Sad stories of Cantabrians denied insurance pay outs they thought they were entitled to after the 2010/11 earthquakes, haven’t opened up people’s eyes wide enough to spot the traps they can fall into when buying insurance.
Those who’ve hit a wall trying to resolve disputes with their insurers and financial service providers, have generally not got their way when resorting to laying complaints with the Insurance and Savings Ombudsman (ISO).
The ISO’s annual report released today shows only three (1%) of the 254 complaints it investigated over the past year, were upheld.
A further 10 (4%) were partly upheld and 56 (22%) settled through negotiation, conciliation and mediation.
This means 27% of complaints were settled favourably for consumers, while 72% were simply not upheld and 4% withdrawn.
In the 2013/14 year, 65% of the 300 complaints the ISO investigated were not upheld.
Just over half of the complaints the ISO investigated over the past year related to fire and general insurance, while 41% related to health, life and disability insurance, and small portions to credit contracts, financial advisers, superannuation and non-regulated financial services.
Insurers pick up the ball
The Insurance and Savings Ombudsman Karen Stevens says, “The complaints we are now investigating are more complex, and many of the straight-forward issues are being resolved earlier by our participants [insurers and financial service providers].
“Industry practice is changing for the better, so complaints can be resolved within the insurance or financial service provider’s own complaints processes.”
This (and the fact more Canterbury quake claims have been settled) has seen the number of complaints investigated by the ISO drop by 15% over the past year.
Financial literacy remains a problem
However the fact a greater portion of complaints have been denied by the ISO over the past year, indicates there’s still a large number of people incorrectly adamant they’ve been wronged by their insurers – fighting a losing battle if you like.
Stevens puts it down to financial literacy.
“Consumers aren’t really aware of the importance of the insurance documents they sign up to. They’re not fully aware of the consequences of failing to disclose material information, and of their obligations under the policy,” she says.
“They sometimes think if they pay the premiums and sign the contract, that’s all that they have to do.”
She maintains that our society’s demand for immediacy takes away from the reality that an insurance policy is a binding legal document.
“We are a generation, or a nation, of people who don’t read as much. There would be very few people who ever read their contract… and so they don’t fully appreciate what their obligations are, and even what the cover is,” she says.
Stevens maintains that as more insurers provide quick and easy ways for people to buy insurance online, the problems we’re seeing now will only be exacerbated.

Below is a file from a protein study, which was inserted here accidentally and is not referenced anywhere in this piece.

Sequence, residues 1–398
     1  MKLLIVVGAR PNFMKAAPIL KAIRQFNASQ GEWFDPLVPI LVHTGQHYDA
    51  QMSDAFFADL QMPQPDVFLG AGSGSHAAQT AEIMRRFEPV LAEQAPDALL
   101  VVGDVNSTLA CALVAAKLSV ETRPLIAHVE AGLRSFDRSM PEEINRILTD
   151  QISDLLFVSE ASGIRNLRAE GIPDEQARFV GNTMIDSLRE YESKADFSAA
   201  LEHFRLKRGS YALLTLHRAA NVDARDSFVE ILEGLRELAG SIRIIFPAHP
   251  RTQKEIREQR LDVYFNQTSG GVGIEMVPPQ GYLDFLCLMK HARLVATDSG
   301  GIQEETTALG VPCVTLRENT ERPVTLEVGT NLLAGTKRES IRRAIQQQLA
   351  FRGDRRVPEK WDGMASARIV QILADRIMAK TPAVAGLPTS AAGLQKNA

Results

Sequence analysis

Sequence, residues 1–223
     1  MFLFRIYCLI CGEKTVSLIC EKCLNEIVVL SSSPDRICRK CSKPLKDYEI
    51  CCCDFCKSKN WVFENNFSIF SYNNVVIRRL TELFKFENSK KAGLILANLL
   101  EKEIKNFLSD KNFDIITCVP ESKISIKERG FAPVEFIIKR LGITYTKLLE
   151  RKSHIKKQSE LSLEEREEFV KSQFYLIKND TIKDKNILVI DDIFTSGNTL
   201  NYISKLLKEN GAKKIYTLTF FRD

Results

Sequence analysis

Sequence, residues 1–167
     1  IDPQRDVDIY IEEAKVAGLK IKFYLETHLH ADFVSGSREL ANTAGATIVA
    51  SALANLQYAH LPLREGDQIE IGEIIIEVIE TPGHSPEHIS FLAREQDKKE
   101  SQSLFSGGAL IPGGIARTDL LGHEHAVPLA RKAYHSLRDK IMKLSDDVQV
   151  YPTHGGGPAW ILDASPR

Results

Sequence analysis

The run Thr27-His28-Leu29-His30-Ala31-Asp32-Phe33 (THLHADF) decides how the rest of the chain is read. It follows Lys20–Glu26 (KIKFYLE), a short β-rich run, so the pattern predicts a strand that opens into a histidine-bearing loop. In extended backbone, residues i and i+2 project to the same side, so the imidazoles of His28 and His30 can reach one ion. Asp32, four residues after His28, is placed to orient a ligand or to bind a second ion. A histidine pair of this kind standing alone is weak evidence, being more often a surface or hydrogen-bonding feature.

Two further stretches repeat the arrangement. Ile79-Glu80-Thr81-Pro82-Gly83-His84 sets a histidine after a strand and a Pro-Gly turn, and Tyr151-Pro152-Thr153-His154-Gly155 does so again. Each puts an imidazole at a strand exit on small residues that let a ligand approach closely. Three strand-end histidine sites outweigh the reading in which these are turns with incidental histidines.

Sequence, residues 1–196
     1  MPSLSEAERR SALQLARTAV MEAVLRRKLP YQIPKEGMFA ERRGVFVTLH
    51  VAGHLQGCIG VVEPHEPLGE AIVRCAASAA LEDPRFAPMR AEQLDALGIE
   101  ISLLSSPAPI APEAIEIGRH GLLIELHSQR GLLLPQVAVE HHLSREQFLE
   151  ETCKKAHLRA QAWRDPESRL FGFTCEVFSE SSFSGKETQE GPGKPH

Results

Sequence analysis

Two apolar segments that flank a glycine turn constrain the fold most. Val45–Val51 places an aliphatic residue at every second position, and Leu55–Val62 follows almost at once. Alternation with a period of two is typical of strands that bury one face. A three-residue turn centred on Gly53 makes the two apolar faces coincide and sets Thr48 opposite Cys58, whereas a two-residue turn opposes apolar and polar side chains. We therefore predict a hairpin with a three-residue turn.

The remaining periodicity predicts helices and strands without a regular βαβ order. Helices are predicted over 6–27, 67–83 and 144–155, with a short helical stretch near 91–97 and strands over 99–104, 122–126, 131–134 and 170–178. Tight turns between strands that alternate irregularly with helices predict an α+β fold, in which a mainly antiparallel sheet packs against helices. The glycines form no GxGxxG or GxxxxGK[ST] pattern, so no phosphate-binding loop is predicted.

“They don’t’ full appreciate that even though it’s easy, it will have fishhooks”, she says.
Stevens admits the insurance industry needs to take responsibility to make sure consumers know what they’re signing up to, when they buy insurance.
“The information is there. It is clear enough if consumers read it. But it’s not something that is hammered home sufficiently. It’s the job of all of us in the [insurance] business to do it.”
Read this story for more on making sure you have all the information you need when shopping for insurance.
Disclose, disclose, disclose
Stevens says non-disclosure is the most common barrier preventing people from having their claims paid out – a “silent killer”.
So that is people failing to disclose everything they have to, to indicate how risky they will be to the insurer, when taking out a policy as well as throughout the policy’s life.
Stevens says this is most often an issue with health, trauma, disability and life insurance, but is also an issue with the likes of motor insurance.
A number of people don’t realise for example that you have to disclose any traffic convictions you’ve had (other than parking tickets) to your insurer every year, and if you’ve had any modifications made to your car.
Stevens notes most insurers will remind you of this when your policy comes up for renewal, however this may not be something the insurer will absolutely drum into you, so you need to take responsibility yourself.
Controversially, there is no law defining how clearly insurers need to spell out what their customers need to disclose.
The ISO says, “Insurers’ responses to nondisclosure vary: some opt to exercise their legal right to avoid the policy in its entirety; and others adopt a more flexible response, based on what they would have done had the information been disclosed at inception.
“While legislation is highly desirable, the ISO Scheme works within the current legal framework for non-disclosure, making decisions that are fair and reasonable in all the circumstances.”